Over 55’s are appearing in just 23% of TV ads, despite accounting for 65% of TV impressions and controlling 60% of the UK’s wealth, according to a report from System1 and ITV.
Over 55’s control more than half of total UK household expenditure. And they are fast becoming the biggest spenders across categories (WARC).
TGI data reveals over 55’s to be 43% more likely than other GB age groups to watch over 35 hours of TV per week. Women over 55 are 52% more likely.
For older women and for those over 65, the gap between population and representation is even wider.
For TV advertisers, 55+ viewers are an important audience. So, what’s holding them back?
Are older groups harder to please?
System1 took the top 1,000 UK ads of 2021 (based on media spend), representing work from 422 brands. The findings highlighted over 55’s as being often ignored, or inaccurately portrayed on TV.
The study went on to test over 50 ads to gauge emotional responses among the over 55’s. It found that these audiences may be easier to reach (as they are watching more TV), but are often harder to please, compared to younger groups.
The general public gave the ads in the report an average score of 3.76 stars, whilst over 55’s gave an average score of just 2.96 stars. Only 5 out of 56 ads were given a higher average among older audiences, compared to the general UK population.
Complaints around ad length, lack of interest and generic content were all very apparent amongst the older audience groups.
Are over 55’s hard to represent?
It’s time the industry started to put more effort into segmenting the over 55’s. The current way of working, and essentially lumping them all in together in one group, makes it more likely that they will be misrepresented, and therefore less satisfied.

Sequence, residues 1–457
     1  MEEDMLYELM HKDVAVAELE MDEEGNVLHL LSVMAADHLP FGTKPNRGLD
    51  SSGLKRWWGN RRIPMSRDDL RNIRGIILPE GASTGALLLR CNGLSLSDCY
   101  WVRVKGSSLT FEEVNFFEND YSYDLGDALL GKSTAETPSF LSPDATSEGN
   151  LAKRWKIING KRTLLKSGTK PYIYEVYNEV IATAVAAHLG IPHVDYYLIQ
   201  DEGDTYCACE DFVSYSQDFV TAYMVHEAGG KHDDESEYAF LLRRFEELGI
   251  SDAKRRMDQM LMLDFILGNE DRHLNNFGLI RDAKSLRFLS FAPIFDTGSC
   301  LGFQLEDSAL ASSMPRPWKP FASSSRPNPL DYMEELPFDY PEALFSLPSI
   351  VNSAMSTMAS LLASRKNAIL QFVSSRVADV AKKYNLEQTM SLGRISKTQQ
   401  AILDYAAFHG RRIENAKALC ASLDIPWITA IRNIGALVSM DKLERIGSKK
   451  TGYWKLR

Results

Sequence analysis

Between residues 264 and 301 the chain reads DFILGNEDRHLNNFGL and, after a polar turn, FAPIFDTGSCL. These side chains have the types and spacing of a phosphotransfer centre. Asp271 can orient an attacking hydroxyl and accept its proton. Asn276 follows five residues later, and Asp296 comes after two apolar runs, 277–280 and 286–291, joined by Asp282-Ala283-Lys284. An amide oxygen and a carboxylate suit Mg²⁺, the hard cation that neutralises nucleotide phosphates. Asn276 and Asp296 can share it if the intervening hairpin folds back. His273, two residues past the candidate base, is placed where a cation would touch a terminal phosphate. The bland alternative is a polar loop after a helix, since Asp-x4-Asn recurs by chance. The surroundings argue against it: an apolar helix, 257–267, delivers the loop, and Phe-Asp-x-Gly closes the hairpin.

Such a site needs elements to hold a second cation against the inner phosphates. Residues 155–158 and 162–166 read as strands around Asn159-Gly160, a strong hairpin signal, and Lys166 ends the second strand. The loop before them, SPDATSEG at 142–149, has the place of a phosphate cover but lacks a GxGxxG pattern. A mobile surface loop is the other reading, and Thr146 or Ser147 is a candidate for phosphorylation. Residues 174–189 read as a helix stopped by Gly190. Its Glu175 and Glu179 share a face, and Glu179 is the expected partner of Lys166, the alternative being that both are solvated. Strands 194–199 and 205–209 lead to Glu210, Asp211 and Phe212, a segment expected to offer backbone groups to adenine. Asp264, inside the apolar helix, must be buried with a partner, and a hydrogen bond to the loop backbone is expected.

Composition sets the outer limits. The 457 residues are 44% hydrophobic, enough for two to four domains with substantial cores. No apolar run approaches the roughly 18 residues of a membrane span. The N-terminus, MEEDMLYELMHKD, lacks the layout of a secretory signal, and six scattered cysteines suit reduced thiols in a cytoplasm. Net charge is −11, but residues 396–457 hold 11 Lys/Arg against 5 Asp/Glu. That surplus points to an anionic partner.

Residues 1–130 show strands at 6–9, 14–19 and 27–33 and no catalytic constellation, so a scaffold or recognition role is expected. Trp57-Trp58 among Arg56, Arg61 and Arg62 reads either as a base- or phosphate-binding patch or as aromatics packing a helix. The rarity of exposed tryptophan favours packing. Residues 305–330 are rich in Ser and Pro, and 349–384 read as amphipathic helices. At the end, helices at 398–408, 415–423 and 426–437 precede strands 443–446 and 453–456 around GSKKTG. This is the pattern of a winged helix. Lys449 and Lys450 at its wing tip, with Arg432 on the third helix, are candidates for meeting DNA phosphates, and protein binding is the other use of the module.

A 55 year old is very unlikely to feel or look like an 80 year old, nor will they necessarily have the same attitudes or behaviours as those older audiences.
“When older people appear in ads, too often brands show them as stereotypes and objects of pity. They miss the complex realities – and the many joys – of getting older.” Source: WiseUp!
The idea of ageism in advertising is nothing new, and has previously been brought to light by critics including Bob Hoffman, Advertising Speaker, who claimed there are three major misconceptions clouding the industry; one being the ‘age delusion’. Hoffman states that the industry is too concerned with “grabbing young people’s attention”, when in reality, the most lucrative market is in fact the over 50’s:
“People aged over 75 buy five times as many cars as those aged 18 to 24, yet do you ever see a 75-year-old featured in a car ad?” Source: Business Insider
All Response Media viewpoint
“Why aren’t there any retirement parties in our business?“
Thinking of the over 55’s as one homogeneous group is as ridiculous as thinking the same of the under 55’s.
One of the real challenges here, is that the media and creative industries skew very young. The industry can often push people out if they don’t progress to the next level as quickly as their peers, which often results in experienced 40 year olds changing industry. An article in The Drum put it really nicely, asking “Why aren’t there any retirement parties in our business?”
The Drum revealed that in the last IPA census, the average age of employees in our humble profession was found to be a positively doddering 34. It also identified that only 6% of staff in member agencies are over 50, compared with 31% of the UK workforce.
Agencies may need to work towards a more representative workforce, which should then result in much better understanding of people over the age of 55, and deliver better work. The same is also true for representing and understanding people who live outside of London…but that’s a different challenge entirely.
Planning Director, All Response Media London
TV Advertising Agency London
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